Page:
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Go to Bible: Isaiah 49
“Yahweh called me.” Isaiah contains four sections that the scholars refer to as “Servant Songs,” in which Isaiah portrays the Messiah as the Servant of Yahweh. The Songs are Isaiah 42:1-7; 49:1-7; 50:4-11, and 52:13-53:12. The start of the first Servant Song, Isaiah 42:1, is quoted in Matthew 12:18 and positively identifies the “servant” as the Messiah, Jesus Christ. In Isaiah 49, the Servant is mentioned in Isaiah 49:3, 5, and 7. [For more information on the Servant Songs, see commentary on Isa. 52:13].(top)
|Isa 49:2||- (top)|
|Isa 49:3||- (top)|
|Isa 49:4||- (top)|
|Isa 49:5||- (top)|
“my salvation to the end of the earth.” The salvation and everlasting life given by the Messiah was not just for the Jews, even though many of them thought that it was. The Old Testament has a number of verses that spoke of Gentiles being included in the Messianic Kingdom, which meant they were granted everlasting life (Ps. 102:15; Isa. 2:2-4; 19:23-25; 42:6; 49:6; 51:4-5; 56:3-7; 60:3; 66:18-21; Ezek. 39:21, 27; Micah 4:2; Hag. 2:7; Zech. 8:22). [For more information on the Messiah being a blessing to the Gentiles, the nations, see commentary on Isa. 42:6].(top)
“Yahweh, the Redeemer of Israel, its Holy One.” Yahweh has many different names, and two of them are placed together in this verse: “the Redeemer of Israel” and “Holy One.” A few English versions (the KJV included) put an “and” between “the Redeemer of Israel” and “its Holy One,” but that is not necessary and causes confusion because then it could seem that there are two beings talking, the Redeemer and also the “Holy One.” But only Yahweh is speaking.
The Holy One of Israel is another name for Yahweh, as we see here in Isaiah 49:7 and in many other verses (cp. 2 Kings 19:22; Job 6:10; Ps. 71:22; 78:41; 89:18; Prov. 9:10, 30:3; Isa. 5:19, 24; 10:20; 12:6). Some English versions read “his Holy One,” and that is okay if we understand that Israel being referred to as a male (sometimes Israel is referred to as a female). However, since Hebrew does not have a neuter gender, and thus things are either male or female, it seems to make better sense to translate the nation of Israel as an “it” and not a “him.”
“to one whose soul is despised.” This translation closely agrees with K. Baltzer (Hermeneia: A Critical Commentary). The one being spoken to is the Messiah, as the context and history make clear. The English translations differ, in part because the Hebrew word nephesh can be “soul” or “life,” or it can refer to the self and thus be “him” or an equivalent. Although the English versions differ as to exactly how to translate the Hebrew text, they all catch the main idea: this person is despised, and we learn from the scope of Scripture that he is despised by worldly and ungodly people.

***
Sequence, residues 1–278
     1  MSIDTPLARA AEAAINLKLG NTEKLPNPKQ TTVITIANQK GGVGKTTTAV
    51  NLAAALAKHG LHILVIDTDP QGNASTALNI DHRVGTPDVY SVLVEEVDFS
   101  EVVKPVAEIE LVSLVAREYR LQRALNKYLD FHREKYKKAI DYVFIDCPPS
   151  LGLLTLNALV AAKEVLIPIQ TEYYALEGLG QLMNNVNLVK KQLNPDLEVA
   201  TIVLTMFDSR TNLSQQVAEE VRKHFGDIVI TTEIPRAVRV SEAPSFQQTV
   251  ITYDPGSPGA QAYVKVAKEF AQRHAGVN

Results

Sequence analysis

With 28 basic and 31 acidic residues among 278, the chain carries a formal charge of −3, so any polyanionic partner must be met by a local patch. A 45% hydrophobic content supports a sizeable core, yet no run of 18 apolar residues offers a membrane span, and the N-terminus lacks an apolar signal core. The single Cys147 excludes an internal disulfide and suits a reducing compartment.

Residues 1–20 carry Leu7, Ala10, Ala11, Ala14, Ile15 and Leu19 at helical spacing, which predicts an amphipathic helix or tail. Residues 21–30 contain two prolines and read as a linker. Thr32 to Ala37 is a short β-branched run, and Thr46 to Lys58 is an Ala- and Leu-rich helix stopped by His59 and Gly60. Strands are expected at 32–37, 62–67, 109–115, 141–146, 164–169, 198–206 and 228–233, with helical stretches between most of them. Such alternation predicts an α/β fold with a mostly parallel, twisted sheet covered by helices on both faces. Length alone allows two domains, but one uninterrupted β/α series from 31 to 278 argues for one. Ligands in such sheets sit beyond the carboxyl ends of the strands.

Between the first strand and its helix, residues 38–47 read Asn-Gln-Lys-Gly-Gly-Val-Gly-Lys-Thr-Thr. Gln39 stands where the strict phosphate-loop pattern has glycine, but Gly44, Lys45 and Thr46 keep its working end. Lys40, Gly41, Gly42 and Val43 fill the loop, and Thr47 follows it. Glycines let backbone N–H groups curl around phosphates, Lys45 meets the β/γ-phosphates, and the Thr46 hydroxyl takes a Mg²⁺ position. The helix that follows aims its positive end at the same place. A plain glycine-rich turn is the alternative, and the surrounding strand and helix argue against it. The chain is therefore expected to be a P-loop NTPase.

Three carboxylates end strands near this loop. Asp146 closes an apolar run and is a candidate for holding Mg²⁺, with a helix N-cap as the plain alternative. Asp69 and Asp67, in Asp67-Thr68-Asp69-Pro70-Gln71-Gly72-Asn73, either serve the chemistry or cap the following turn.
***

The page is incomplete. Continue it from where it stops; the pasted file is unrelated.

“the nation.” The use of the singular here indicates that this is not “the nations,” that is, the Gentiles, but the nation of Israel itself, and indeed, the majority of the Jews rejected Christ. At Jesus’ trial before Pilate, the people and their leaders shouted, “Crucify him” (Matt. 27:20-23).
“a servant of rulers.” Although he was the Son of God and therefore higher than any earthly ruler, the Messiah came to serve, not be served, and by his life and death made everlasting life available to everyone (cp. Matt. 28:20; Phil. 2:7).
“bowed down.” The common biblical way of bowing down before people or God was to fall to one’s knees and bow the upper body and face to the earth. The word translated “bowed down,” shachah (#07812 שָׁחָה), is the same Hebrew word as “worship,” and it is translated “worship” in some English versions. [For more on bowing down, see commentary on 1 Chron. 29:20].(top)
“I will answer...I will help.” The Hebrew is written in the past tense (“I have answered...I have helped”) and is the prophetic perfect idiom, referring to something in the future as if it was in the past to show that the event will happen. In this context there are several indications that the prophetic perfect idiom is being used. One is that the subject of the sentence, who is the Messiah, has not even been born yet, so to say that God has answered and has helped him has to be idiomatic. Another is that part of the sentence “and I will preserve you” is in the imperfect tense, here referring to the future. This is a verse where translating the Hebrew literally as a past tense action only confuses the reader because English does not have a clear prophetic perfect idiom.